The number and power of Britain's so-called altnets is growing, increasing access to fiber-based gigabit broadband for residents and businesses where incumbents such as BT, Virgin and Openreach did not deliver.
After NTIA asked for public comments on map improvements in October 2018, the FCC decommissioned the agency's broadband map in early December but did not say whether it will use any of the public's great ideas on its own (largely panned) map.
The case of Mozilla v. FCC is slated to begin in the D.C. Circuit Court on Feb. 1, marking what's expected to be the beginning of a protracted legal battle that may continue well into the 2020 presidential race.
As Vice President of Global Healthcare at AT&T, Maria Lensing oversees the telecommunications operator's technology and professional services offerings across the spectrum of medical providers, from solo practitioners and walk-in clinics to giant hospital chains, medical-device vendors and consulting firms. Lensing also sees more interest from traditional service providers -- cable and telecom operators looking to expand or build relationships with their own medical communities, perhaps as an adjunct to smart-home successes or standalone.
Lensing, who took on this role almost a year ago in May 2018, oversees both the sales and technical teams responsible for developing growth initiatives for AT&T's Global Healthcare business -- including products, services and industry-specific solutions. She also very actively promotes business minority inclusion, education and female empowerment programs and has been recognized both within and outside AT&T. Some awards she's received include "Top 40 Under 40" and "Super Woman in Business" from the Memphis Business Journal.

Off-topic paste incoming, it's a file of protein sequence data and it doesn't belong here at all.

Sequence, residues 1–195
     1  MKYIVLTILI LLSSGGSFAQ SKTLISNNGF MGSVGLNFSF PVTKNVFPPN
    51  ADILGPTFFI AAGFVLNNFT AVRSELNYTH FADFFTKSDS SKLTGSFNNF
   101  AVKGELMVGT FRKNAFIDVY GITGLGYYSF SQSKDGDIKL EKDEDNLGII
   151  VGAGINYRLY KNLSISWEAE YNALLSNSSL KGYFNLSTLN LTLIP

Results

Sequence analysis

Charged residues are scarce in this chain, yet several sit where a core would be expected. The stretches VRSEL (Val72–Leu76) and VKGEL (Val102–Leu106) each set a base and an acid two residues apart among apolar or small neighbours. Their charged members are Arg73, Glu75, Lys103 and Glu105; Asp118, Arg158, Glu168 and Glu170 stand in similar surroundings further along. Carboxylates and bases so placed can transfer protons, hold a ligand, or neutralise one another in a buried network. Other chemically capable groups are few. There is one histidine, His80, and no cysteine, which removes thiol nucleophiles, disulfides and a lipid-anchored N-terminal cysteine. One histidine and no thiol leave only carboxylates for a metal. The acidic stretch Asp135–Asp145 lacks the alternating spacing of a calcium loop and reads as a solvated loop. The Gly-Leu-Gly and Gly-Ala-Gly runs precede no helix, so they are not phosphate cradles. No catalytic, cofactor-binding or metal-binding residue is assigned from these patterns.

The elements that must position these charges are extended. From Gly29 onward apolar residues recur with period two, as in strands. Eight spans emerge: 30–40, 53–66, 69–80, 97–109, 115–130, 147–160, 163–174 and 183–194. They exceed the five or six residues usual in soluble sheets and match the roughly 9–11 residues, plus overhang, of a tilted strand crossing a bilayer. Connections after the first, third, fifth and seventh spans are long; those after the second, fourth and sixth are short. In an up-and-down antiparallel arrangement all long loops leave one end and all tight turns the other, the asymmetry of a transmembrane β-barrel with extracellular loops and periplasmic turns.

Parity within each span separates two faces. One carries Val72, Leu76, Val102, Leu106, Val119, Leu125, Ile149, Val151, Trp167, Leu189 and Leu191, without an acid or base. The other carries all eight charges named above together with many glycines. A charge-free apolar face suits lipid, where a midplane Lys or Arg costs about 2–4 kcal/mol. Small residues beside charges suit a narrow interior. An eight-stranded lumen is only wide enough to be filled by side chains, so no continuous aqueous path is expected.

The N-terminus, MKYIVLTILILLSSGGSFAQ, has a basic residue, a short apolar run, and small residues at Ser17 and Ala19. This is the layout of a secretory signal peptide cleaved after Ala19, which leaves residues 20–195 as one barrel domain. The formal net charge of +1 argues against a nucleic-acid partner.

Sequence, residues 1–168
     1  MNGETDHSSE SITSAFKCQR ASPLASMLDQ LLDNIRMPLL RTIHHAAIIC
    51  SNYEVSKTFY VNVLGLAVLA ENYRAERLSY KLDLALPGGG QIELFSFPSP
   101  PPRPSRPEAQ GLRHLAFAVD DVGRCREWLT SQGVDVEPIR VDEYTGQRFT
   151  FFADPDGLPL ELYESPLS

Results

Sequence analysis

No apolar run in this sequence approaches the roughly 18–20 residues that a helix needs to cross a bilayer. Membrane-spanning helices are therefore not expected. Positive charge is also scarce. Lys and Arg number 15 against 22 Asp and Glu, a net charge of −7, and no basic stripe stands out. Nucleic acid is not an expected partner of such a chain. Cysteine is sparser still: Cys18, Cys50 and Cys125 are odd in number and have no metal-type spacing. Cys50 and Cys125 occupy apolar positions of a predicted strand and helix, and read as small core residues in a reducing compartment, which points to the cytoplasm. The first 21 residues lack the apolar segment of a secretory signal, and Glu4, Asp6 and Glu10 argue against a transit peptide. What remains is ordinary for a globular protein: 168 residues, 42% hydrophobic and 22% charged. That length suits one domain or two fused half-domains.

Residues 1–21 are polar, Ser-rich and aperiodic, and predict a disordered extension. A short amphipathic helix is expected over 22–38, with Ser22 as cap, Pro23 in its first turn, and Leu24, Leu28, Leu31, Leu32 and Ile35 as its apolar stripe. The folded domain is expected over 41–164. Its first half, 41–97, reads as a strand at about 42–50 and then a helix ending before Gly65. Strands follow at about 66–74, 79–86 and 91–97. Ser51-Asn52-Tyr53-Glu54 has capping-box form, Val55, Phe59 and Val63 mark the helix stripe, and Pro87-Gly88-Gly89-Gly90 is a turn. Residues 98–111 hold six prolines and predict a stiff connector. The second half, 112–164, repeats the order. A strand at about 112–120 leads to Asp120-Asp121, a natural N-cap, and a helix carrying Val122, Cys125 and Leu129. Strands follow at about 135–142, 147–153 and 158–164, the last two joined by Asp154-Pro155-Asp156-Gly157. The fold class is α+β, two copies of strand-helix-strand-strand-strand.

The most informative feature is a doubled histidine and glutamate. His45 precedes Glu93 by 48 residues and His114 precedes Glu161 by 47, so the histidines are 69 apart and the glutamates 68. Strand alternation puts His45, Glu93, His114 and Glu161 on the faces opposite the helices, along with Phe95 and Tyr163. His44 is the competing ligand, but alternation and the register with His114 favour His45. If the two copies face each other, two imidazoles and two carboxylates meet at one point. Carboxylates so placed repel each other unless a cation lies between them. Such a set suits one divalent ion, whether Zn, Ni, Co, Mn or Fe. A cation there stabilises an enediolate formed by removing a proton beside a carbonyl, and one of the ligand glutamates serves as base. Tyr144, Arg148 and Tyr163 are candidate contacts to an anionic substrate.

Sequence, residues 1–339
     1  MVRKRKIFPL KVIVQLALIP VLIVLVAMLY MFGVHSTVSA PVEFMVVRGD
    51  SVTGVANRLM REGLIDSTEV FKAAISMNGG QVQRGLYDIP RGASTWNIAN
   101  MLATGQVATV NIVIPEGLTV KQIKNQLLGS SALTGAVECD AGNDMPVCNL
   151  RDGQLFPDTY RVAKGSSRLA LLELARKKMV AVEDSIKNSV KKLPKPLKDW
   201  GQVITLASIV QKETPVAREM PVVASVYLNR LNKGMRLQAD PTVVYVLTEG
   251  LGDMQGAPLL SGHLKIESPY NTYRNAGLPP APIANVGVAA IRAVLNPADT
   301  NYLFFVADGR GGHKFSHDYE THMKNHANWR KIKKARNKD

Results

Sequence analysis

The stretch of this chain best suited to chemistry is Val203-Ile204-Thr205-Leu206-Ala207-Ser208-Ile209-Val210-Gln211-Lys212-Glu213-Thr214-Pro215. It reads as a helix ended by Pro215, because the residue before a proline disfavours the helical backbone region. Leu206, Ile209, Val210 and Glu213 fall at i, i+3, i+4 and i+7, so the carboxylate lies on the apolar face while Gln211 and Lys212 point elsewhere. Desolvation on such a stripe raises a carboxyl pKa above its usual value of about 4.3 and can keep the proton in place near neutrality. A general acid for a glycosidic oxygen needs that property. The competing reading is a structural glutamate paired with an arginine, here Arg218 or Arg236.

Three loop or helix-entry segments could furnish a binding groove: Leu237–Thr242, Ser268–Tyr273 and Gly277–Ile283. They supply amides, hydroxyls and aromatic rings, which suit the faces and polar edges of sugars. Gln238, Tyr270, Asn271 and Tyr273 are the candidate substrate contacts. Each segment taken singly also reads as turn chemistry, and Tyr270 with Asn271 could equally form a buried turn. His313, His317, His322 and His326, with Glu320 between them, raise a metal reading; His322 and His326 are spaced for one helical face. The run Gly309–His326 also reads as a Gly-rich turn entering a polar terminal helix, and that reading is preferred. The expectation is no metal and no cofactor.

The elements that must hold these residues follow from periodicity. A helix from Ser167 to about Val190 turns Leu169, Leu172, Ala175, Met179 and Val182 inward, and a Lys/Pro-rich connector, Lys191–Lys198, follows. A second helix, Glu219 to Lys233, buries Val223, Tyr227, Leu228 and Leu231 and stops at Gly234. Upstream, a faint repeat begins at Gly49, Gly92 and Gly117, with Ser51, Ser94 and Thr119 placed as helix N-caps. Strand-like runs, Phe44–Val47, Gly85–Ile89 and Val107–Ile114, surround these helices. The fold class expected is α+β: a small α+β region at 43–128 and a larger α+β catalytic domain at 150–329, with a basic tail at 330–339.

Join Maria Lensing, VP of Global Healthcare at AT&T, on Tuesday, April 23 at 12:00 p.m. ET / 9:00 p.m. PT, when she's the guest on BBWN Radio, hosted by Broadband World News Editor Alison Diana. Register now!
So far, the agenda includes a discussion of technologies such as fiber and 5G; defining the needs and solutions for a widely diverse range of customers; partnering for success in a typically slow-moving, budget-constrained market; learning and dispersing best practices from other verticals and within other business groups; promoting diversity and female empowerment when so many say they're doing so but so little has changed; and what she hopes to accomplish in another year in this role.
Register and post your questions for Maria on BBWN Radio's easy-to-use chat board. We will get to as many questions as possible. Please post questions before and during the broadcast. Once you've registered, you will be led to the chat board page. Talk to you on April 23!
Tune in to Broadband World News Radio on February 14 at 11 a.m. ET / 8 a.m. PT / 4 p.m. UK when John Isch, Practice Director of the Network and Voice Center of Excellence at Orange Business Services, discusses use cases, ROI and misconceptions of software-defined wide-area networks, virtualization and cloud.
Just when you thought the answer to your next technology direction question was clear, the noise around multiple new technology options fills the Internet and airwaves. Multiple 5Gs are being deployed; there's CableLabs' 10G initiative; the ITU and IEEE are toiling around 50G PON Ė and we havenít even talked about Wi-Fi6 yet! Is any of this real, do you have to pay attention or can you just let the dust settle and then decide?
Since waiting is often not the best option, letís demystify technology options, their impact on your business, and how to prepare for whatever the future brings.
In this webinar, Service Providers will learn:
Current state of 5G and how it affects everyone, not only mobile network providers.
Latest technologies being developed and how they will benefit their networks and subscribers.
How to prepare their networks for the future Ė whatever it may hold.